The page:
Watches, Warnings & Advisories for Sunflower Co.

Friday, December 16, 2011

New Madrid, 200 Years Ago

Two hundred years ago today, December 16, 1811, the first two of several major earthquakes struck the New Madrid Seismic Zone.  From that date through February 7, 1812, four major earthquakes were recorded, with intensity estimated as high as 8.1 on the Richter Scale.  This series of quakes is the most powerful recorded in the Eastern United Sates.  Church bells rang in Boston, and sidewalks cracked in Washington, D.C., as the vibration propagated through the earth.

The New Madrid Seismic Zone remains very active even today, with at least six recorded earthquakes in the past week. 

Our vulnerability to earthquake damages are many.  Unlike severe weather, damages from major earthquakes will be very widespread, and likely catastrophic in an order unknown in our society.  Few first-hand accounts of the 1811-1812 events exist, and of those that do, most do not provide scientific data that would permit us to draw conclusions of what we might expect.  Frequent experience with other hazards like severe weather, tornadoes, and hurricanes, provide us more frequent feedback about how well prepared we are, or are not.  In the past two centuries, large cities and a multitude of smaller communities have built in and around the New Madrid Seismic Zone.  Most were built with no knowledge of - or little attention given to - the need to build in seismic resistance.  Our infrastructure of roadways and utility delivery pathways are vulnerable.  A repeat of the 1811-1812 events would likely devastate the Memphis and/or St. Louis urban areas in a way that would make the sufferings wrought by Hurricane Katrina pale in comparison.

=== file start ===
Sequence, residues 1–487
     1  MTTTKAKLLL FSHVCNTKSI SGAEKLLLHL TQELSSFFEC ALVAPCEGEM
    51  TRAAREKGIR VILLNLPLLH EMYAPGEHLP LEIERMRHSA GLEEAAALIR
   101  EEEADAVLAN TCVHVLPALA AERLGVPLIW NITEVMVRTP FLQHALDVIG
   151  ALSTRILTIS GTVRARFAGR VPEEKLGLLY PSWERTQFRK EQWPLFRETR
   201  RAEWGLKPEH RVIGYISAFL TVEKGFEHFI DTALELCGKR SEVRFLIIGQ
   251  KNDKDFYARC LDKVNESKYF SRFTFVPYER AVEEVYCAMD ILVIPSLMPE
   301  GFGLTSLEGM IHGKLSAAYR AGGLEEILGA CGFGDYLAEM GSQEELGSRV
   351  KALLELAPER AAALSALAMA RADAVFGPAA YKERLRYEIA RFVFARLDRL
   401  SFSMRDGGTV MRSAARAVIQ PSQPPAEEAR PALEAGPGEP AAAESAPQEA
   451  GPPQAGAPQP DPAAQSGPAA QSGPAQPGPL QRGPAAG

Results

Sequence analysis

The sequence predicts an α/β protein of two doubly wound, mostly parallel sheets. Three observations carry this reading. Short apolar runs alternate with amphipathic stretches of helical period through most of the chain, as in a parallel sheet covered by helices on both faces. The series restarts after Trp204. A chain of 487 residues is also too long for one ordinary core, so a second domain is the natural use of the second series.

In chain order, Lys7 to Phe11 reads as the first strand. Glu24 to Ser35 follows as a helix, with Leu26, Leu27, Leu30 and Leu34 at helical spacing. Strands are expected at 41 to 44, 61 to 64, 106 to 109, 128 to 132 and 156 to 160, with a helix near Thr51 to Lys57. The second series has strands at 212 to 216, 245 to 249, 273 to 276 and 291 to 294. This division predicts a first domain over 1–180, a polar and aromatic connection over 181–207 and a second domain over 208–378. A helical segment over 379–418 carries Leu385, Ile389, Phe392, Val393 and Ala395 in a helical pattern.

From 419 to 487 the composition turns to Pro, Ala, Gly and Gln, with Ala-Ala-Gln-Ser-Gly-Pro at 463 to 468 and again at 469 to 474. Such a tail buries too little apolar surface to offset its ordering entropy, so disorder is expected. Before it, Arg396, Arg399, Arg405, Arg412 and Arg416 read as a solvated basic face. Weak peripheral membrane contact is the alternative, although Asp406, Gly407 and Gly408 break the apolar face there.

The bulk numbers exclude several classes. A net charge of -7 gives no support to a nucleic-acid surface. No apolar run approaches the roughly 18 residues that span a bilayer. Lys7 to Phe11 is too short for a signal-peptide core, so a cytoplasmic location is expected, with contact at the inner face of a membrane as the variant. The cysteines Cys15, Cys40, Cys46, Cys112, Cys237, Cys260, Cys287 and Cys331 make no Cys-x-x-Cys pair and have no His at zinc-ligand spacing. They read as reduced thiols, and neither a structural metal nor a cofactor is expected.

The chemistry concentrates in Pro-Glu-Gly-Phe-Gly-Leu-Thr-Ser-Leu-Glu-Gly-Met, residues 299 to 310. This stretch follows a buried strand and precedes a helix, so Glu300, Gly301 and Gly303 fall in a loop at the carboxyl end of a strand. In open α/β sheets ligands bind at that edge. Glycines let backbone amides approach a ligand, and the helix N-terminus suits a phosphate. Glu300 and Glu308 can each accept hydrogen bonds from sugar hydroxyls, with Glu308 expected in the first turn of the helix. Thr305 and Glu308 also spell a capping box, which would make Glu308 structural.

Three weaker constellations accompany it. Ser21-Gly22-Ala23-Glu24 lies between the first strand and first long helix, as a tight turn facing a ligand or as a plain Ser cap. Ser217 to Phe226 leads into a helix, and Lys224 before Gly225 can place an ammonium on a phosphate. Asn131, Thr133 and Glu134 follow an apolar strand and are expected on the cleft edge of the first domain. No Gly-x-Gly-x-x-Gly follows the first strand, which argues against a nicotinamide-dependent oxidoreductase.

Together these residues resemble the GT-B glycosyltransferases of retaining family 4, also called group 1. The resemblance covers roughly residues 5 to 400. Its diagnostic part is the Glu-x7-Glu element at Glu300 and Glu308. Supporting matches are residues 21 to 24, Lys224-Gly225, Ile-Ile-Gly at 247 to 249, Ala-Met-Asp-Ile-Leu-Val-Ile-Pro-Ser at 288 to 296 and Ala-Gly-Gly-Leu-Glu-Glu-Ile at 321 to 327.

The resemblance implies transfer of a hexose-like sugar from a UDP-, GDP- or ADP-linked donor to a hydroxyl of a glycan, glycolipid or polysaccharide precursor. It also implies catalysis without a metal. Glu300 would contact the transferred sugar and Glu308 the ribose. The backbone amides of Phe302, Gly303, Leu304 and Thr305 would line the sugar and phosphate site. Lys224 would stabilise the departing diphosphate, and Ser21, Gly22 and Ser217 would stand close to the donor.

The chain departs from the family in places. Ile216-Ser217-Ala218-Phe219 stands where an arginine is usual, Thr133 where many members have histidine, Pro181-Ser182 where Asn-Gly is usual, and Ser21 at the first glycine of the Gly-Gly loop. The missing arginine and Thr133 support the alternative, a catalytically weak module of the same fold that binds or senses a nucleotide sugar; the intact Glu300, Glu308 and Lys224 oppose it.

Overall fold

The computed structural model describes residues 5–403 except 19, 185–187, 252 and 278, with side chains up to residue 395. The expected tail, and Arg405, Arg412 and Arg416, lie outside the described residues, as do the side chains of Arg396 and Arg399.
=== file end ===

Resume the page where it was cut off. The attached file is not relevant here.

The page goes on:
Doom and gloom isn't the point of this post.  Awareness of your surroundings, and of the history that exists in our area provide you the opportunity to assess your own degree of readiness.  Would you and your family be able to survive for one to two weeks without access to basic necessities?  Even if roadways in your immediate area are passable, shipment of food and other commodities may be limited due to damage elsewhere.  The 1811-1812 events occurred in the dead of winter.  You may be able to shelter in your home, but if gas and electricity are interrupted for days, can you stave off the cold?

There are innumerable resources for you to research ways for your family to prepare for disasters.  Learn what hazards exist in your area, and ask yourself how would you be affected by those hazards.  Even though your home may not be impacted, what are your options if supply lines are interrupted?  What are your plans to communicate to family and friends outside the affected area?

Web resource for the New Madrid Seismic Area and the New Madrid Bicentennial can be found at

Preparedness Information
US Geological Survey - Earthquake Information
USGS Handbook for Earthquakes in the Central United States (PDF file, 24.8 MB)
FEMA Earthquake Preparedness page
The Great Central US ShakeOut (Feb 7, 2012)

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